Wood Mackenzie suggested a strong recovery following a two- to three-month disruption of power demand would lead to 380TWh of power demand lost in APAC this year.
However, the analysts warned that if the coronavirus pandemic is not brought under control and markets go into a major recession, approximately 1,000TWh of power demand could be lost by 2023.
This could lead to the loss of two years worth of renewables construction due to unrealised projects, it added.
Research director Alex Whitworth explained for the renewables sector to recover, there would need to be a return of power demand at pre-virus levels, favourable credit terms for renewables projects, renewables’ cost-competitiveness with fossil fuels, and government support including stimulus for renewables markets.
Prior to the outbreak of the virus, global investors had been willing to offer renewable energy developers in Asia-Pacific access to cash at competitive rates of interest.
However, if the coronavirus outbreak evolves into a financial crisis, funding may be harder to secure, leading to reduced competitiveness of renewables, Wood Mackenzie warned.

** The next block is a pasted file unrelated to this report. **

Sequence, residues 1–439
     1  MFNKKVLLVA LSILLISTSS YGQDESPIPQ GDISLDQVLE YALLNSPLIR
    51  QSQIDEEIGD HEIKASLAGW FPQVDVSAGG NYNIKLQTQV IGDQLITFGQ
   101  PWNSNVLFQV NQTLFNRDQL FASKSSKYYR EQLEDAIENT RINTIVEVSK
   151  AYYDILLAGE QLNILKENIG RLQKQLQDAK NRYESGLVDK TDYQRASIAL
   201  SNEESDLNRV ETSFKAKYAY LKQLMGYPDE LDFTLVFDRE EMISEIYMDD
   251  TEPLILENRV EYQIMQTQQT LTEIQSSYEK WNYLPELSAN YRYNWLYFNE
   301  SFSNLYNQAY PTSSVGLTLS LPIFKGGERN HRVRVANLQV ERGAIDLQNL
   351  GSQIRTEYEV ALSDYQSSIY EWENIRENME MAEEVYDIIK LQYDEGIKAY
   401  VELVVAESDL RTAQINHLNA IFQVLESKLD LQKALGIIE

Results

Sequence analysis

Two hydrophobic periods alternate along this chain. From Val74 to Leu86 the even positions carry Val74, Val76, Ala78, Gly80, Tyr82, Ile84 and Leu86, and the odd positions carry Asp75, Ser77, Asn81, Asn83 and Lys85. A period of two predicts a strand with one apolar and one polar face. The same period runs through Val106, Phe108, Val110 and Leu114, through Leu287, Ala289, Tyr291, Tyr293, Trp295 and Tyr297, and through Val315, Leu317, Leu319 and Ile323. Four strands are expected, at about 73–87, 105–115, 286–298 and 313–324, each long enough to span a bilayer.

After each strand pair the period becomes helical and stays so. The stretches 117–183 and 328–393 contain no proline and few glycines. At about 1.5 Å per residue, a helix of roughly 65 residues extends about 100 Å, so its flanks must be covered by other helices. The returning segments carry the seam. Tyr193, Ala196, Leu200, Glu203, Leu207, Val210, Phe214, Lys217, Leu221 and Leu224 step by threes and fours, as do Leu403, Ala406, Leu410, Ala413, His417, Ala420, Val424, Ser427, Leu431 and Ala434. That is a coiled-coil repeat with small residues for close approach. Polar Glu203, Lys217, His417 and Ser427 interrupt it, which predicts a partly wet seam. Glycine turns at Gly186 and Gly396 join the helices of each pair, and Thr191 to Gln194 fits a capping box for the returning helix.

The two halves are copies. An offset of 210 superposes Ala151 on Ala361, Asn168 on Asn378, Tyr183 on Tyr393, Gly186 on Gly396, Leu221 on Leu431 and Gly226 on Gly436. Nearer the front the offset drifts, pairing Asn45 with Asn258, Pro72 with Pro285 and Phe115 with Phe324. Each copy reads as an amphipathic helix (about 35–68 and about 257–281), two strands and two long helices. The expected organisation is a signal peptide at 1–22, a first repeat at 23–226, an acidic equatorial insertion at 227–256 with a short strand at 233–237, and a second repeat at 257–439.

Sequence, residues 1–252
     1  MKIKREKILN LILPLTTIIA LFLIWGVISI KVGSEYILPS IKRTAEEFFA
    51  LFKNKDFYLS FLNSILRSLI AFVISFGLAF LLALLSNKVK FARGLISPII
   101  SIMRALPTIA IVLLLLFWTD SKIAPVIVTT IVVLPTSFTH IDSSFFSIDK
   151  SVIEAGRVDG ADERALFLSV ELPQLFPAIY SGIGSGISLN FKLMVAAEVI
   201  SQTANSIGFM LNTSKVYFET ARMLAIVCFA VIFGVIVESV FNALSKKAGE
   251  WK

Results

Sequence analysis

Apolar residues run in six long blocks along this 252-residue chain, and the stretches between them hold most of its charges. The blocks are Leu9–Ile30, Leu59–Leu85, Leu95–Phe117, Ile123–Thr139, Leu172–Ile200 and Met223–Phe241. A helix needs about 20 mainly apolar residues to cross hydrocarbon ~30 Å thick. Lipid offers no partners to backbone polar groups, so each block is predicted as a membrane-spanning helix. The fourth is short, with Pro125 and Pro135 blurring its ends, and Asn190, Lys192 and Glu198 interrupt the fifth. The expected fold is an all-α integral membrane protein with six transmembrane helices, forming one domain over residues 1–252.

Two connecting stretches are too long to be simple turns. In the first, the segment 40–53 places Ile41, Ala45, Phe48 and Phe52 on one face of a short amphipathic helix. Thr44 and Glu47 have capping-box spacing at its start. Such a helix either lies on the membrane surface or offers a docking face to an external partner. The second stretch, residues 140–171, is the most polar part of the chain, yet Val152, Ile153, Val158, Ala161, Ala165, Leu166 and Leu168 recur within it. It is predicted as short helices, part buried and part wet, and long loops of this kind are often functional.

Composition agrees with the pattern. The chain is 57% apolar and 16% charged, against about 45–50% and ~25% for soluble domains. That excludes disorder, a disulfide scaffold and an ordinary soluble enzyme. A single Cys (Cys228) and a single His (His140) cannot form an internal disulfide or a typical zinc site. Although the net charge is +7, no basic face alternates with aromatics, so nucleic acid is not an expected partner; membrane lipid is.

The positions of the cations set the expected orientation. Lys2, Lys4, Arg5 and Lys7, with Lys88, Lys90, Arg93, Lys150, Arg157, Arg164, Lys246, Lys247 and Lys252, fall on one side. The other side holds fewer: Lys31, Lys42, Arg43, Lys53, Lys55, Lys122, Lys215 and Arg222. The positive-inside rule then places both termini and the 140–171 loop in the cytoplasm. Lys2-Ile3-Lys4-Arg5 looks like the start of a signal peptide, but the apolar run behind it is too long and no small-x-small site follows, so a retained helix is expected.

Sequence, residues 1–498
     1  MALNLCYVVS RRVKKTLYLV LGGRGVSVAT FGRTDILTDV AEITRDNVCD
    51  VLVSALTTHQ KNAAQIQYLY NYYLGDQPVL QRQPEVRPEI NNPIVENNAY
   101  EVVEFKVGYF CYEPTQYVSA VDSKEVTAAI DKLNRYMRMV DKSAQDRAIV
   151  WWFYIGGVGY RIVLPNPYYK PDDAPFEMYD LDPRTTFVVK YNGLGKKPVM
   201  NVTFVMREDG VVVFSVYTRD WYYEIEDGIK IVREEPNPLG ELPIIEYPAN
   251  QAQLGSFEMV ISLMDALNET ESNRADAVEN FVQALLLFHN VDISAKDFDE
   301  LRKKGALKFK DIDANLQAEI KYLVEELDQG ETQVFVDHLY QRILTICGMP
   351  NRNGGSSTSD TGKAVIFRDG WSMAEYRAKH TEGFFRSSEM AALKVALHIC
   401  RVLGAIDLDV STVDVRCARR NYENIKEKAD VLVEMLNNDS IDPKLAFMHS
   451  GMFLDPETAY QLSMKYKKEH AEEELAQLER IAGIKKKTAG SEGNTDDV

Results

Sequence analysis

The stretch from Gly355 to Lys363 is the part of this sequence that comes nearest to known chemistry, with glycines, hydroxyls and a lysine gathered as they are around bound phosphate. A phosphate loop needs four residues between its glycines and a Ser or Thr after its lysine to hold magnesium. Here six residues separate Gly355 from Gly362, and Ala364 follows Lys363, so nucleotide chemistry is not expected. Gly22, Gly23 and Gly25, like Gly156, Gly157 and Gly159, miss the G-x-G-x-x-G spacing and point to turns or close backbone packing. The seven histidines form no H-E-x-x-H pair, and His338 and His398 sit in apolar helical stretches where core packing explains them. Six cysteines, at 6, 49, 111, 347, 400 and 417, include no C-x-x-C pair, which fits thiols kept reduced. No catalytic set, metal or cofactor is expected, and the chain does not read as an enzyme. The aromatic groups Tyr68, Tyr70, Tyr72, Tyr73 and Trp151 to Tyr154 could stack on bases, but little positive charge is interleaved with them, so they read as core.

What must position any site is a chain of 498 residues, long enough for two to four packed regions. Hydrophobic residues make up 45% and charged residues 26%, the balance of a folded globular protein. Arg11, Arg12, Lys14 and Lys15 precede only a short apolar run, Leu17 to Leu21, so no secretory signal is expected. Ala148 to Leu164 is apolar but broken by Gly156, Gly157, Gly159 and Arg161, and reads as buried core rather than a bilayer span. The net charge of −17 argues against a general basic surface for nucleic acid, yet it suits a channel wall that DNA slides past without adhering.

If local currencies weaken, Capex costs will likely increase, as hardware costs are typically priced in foreign currencies and account for the bulk of the expenditure.
And a 10% increase in the weighted average cost of capital could lead to an 8% increase in levelised cost of electricity for renewables, Wood Mackenzie suggested, making renewables projects less competitive.
Even though wind generation costs in APAC have fallen by an average of 29% in the last five years, in a recession with lower fossil-fuel prices, renewables would only be competitive with coal-fired power plants in most of APAC beyond 2025
“This is where government support is important. China and other key governments have strongly supported renewables with subsidies and preferential dispatch policies leading to massive growth in installation projects over the last five years," Whitworth said.
However, governments may defer support for clean energy to deal with “more pressing economic issues”, he added.
“In an extended recession scenario, we expect governments to become overwhelmed with more pressing economic priorities, making it difficult to support the renewables sector with stimulus measures,” Whitworth said.
Nevertheless, some governments have shown willingness to extend subsidies for delayed wind and solar projects
For example, Vietnam’s ministry of industry and trade proposed a two-year extension of feed-in tariffs for wind to 2023, while China is discussing extending subsidies beyond the planned 2020 cut-off.